Russia: the new wild west for US trademarks and enforcement

Western countries have increasingly been sanctioning Russia in response to its invasion of Ukraine and brands are now boycotting the country. Consequently, Russia has started to respond with measures of its own. While it has not specifically stated that it will no longer enforce non-domestic trademarks, the Ministry of Economic Development’s overtures that the country may do away with civil liability for trademark infringement (particularly in connection with goods that are in short supply), combined with the increase of trademark applications targeted at non-native brands, is painting an ominous picture.

Already US brands such as Christian Dior, Chanel, Givenchy, Nike, Adidas, Puma, Levi’s, BMW and Audi have been subject to an enormous number of bad-faith filings, and it is unclear how the Federal Service for Intellectual Property in Russia – commonly known as Rospatent – will react.

It is possible that if Rospatent permits these bad-faith filings to proceed to registration it may become extremely challenging, if not impossible, for brands to return to the Russian marketplace. For example, targeted companies may expect the bad-faith actors to register for similar domain names, create similar websites and social media accounts and increase imports of products and counterfeits. Non-native holders also run the risk that Russian courts will not provide assistance in any trademark infringement or enforcement actions. Thus, it is not impossible to imagine that these bad actors may hold famous marks and brands hostage with the intent of extorting licensing agreements.

The Russian market for luxury goods is quite small compared to those of other countries, but with the increased bad-faith filings and potential fallout, there remains a very real risk of reputational damage for brands. Already, the market for counterfeits in Russia is currently estimated to amount to $50 billion in sales per year, and it is likely that this number will go up as the number of counterfeits increases in the absence of control or enforcement. It would not be surprising to see Russia mirror China’s current market, which routinely sees a mix of grey market and counterfeit goods, the latter of which spill over into Western markets, including the United States and European Union.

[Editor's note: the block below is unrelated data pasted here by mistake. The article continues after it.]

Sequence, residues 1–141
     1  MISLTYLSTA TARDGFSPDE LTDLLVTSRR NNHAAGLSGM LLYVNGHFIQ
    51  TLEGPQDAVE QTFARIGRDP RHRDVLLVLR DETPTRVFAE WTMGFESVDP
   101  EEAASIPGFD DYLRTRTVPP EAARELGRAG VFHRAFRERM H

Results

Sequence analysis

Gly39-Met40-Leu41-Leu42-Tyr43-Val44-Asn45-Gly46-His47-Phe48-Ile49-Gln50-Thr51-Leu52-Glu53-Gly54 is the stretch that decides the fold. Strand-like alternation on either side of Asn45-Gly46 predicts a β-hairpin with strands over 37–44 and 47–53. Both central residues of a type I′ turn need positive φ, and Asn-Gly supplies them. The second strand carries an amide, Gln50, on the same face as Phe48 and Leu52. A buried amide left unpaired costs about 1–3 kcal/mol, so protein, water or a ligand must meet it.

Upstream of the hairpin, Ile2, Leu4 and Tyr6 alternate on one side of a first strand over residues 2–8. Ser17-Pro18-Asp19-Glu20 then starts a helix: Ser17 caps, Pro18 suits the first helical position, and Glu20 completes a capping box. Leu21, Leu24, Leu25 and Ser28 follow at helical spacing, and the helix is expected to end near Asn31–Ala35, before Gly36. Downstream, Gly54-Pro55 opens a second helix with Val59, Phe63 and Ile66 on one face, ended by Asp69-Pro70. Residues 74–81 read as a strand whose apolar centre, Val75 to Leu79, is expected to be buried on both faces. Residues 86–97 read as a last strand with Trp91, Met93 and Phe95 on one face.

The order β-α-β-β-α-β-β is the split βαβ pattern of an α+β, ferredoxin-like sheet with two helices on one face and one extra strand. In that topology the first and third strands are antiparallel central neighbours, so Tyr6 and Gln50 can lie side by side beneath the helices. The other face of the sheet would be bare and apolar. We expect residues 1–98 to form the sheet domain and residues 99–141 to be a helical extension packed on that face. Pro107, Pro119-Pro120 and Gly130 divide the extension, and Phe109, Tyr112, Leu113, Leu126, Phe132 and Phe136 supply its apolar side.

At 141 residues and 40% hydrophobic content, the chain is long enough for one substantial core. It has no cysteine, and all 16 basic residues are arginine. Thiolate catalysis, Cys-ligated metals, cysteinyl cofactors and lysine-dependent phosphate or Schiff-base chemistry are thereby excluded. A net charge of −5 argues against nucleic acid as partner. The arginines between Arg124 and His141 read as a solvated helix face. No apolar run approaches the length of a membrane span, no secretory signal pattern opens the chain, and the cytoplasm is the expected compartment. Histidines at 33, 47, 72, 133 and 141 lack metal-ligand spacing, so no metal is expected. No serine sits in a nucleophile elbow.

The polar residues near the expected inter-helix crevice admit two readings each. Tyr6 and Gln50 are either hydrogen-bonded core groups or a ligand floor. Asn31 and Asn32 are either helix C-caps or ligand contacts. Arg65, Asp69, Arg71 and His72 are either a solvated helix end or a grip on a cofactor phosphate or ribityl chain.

Simply put, grey-market goods are authentic goods sold through unauthorised channels. They are typically seen in products that differ widely in price or availability across countries; the rise in e-commerce has led to a rise in grey-market goods as consumers seek cheaper prices through non-standard channels. Original manufacturers speak out against grey market goods, citing potential harm to branding/reputation, different warranty protection and difference in quality. Yet in areas where counterfeiting is rampant, such as China, the chance of buying a fake is considered to be lower if the goods come from overseas, leading to the import of grey-market goods from overseas personal shoppers, resellers or e-commerce sites.

It remains to be seen if this same pattern of grey-market popularity will emerge in Russia. Of course, many consumers of luxury products are seeking not only the name and logo of brands but also the quality of goods, so it is possible that the perceived value of Russian knock-off products, sold under the same luxury mark but by a different company and registered in bad faith, will also fall. It is also possible that the more loyal Russian clients of luxury brands are already accustomed to purchasing their products outside of the country, which may also lessen the surge of counterfeits. Regardless, it is impossible to tell at this time how luxury brands will fare, particularly if they are left to try to enforce their rights without the assistance of the Russian government. At this point, luxury brands should continue to monitor new filings for bad-faith trademark applications, particularly to the extent that the brands are no longer actively selling their goods in Russia.


This is an insight article whose content has not been commissioned or written by the WTR editorial team, but which has been proofed and edited to run in accordance with the WTR style guide.

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